Wal-Mart Lawsuit for Women Discrimination
This PowerPoint presentation offers an article review on the Wal-Mart Stores Inc. V. Dukes court case as presented by Pieklo J. N. on 7th August 2013 in the RH Reality Check website. Pieklo (2013) authored the article titled, ‘Why it’s so hard to sue Wal-Mart for Gender Discrimination’.
Pieklo provides that the US court system prevented the Wal-Mart v. Duke Case from turning out to as one of the most significant lawsuits against the discrimination of women in corporate America (Kellerman, 2011). At one time, over 1.5 million female employees from the retail giant Wal-Mart had sought to implicate its organizational culture as the discriminatory basis for promotion and pay increments at the organization.
The US Supreme Court came to the conclusion that claims put across by the female Wal-Mart employees were not concrete justifications for a class action law suit (Pieklo, 2013). The Court maintained that attributing the gender discrimination attributes of Wal-Mart’s organizational culture could not hold as women failed to offer strong justifications of common grounds. The suit therefore could not be conducted as a single court case.
The women thus tried to reduce the number of plaintiffs so as to ensure a common interest but the court again failed to accept to this on the same grounds. According to Pieklo, this court case provides that for parties to be able to have a class action legal suit against a corporate entity, plaintiffs must beyond reasonable doubt prove that they are presenting a single common claim (2013). She concludes by stating that is the situation fails to change, then, corporate entities may exploit employees as no single employee can have the capacity to have finances for legal services in such a case.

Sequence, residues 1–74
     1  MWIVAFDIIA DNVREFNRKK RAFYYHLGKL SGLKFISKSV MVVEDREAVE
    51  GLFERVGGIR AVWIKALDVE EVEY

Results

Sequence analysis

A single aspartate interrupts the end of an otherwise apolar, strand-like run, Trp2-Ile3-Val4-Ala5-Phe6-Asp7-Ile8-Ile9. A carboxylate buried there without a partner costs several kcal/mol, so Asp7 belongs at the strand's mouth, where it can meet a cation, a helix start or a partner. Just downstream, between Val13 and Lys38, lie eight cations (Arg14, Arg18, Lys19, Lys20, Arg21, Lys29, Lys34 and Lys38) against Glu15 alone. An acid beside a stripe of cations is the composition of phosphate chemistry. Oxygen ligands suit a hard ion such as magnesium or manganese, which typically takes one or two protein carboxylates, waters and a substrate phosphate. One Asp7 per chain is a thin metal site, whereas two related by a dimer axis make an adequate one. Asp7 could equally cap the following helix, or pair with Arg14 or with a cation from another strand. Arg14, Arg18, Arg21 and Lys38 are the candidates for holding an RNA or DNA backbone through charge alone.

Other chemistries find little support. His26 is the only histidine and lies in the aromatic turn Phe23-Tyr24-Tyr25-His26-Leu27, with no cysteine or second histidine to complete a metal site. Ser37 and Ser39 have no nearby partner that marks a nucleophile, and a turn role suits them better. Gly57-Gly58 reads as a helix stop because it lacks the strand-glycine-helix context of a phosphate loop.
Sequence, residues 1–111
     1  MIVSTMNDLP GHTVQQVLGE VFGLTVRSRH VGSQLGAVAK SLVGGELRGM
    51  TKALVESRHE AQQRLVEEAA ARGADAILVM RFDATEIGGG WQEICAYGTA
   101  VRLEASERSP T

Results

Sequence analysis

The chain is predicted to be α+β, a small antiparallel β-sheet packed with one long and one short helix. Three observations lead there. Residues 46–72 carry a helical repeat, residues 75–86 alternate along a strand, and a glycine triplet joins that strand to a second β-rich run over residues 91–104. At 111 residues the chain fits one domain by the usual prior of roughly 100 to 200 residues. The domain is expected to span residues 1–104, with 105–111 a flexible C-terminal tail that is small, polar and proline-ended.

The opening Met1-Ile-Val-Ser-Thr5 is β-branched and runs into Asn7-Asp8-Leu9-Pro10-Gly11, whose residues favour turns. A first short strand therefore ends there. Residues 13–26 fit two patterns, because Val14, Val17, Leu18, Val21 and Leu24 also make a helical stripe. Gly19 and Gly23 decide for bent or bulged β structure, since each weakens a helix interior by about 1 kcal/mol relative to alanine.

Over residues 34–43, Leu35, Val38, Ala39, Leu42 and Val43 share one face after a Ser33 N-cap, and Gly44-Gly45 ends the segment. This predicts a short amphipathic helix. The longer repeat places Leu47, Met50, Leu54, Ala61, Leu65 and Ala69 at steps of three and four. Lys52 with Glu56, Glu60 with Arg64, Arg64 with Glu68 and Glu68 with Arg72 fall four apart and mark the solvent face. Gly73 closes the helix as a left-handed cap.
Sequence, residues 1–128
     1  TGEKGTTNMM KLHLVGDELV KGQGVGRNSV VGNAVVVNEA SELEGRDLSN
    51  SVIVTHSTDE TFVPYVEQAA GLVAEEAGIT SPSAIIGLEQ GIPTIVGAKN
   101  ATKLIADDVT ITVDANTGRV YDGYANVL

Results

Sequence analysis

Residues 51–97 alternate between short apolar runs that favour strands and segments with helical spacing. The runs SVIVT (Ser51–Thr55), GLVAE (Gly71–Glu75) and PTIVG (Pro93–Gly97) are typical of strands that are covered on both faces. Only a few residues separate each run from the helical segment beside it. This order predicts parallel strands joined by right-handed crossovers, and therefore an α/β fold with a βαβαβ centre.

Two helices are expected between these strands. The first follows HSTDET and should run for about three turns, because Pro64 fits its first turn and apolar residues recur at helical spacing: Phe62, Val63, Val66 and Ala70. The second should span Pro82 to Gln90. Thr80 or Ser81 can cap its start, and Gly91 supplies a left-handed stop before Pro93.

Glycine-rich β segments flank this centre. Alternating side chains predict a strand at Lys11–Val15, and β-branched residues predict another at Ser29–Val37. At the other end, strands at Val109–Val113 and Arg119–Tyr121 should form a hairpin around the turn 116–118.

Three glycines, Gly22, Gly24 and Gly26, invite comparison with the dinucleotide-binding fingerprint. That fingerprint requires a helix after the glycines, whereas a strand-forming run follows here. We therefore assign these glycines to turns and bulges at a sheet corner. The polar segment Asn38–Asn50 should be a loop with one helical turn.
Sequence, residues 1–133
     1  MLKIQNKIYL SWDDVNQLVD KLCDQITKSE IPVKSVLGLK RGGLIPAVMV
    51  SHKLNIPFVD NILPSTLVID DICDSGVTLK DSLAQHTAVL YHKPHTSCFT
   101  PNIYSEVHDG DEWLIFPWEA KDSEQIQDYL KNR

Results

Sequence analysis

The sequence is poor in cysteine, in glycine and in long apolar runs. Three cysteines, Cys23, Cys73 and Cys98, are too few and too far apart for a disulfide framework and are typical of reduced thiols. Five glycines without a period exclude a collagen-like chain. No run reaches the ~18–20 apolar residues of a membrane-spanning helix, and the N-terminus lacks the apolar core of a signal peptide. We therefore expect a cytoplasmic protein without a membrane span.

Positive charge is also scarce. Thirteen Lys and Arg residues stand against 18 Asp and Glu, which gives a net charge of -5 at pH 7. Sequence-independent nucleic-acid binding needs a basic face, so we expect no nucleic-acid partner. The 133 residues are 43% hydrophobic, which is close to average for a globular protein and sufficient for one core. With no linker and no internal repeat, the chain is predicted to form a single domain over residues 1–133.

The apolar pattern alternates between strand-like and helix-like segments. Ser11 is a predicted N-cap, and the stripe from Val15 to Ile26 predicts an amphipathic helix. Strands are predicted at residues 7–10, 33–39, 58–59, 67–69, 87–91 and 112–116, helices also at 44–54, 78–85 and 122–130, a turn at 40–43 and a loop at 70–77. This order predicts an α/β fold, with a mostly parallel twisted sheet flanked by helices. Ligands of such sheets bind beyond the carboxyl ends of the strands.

Kellerman, M. (2011, March 30). Wal-Mart facing sex-discrimination lawsuit. Press TV, Washington. Retrieved from https://www.youtube.com/watch?v=baP8XmNRUxM
Pieklo, J. M. (2013, August 7). Why It’s So Hard to Sue Wal-Mart for Gender. RH Reality Check. Retrieved from http://rhrealitycheck.org/article/2013/08/07/will-corporations-like-wal-mart-ever-be-liable-for-discriminatory-employment-practices/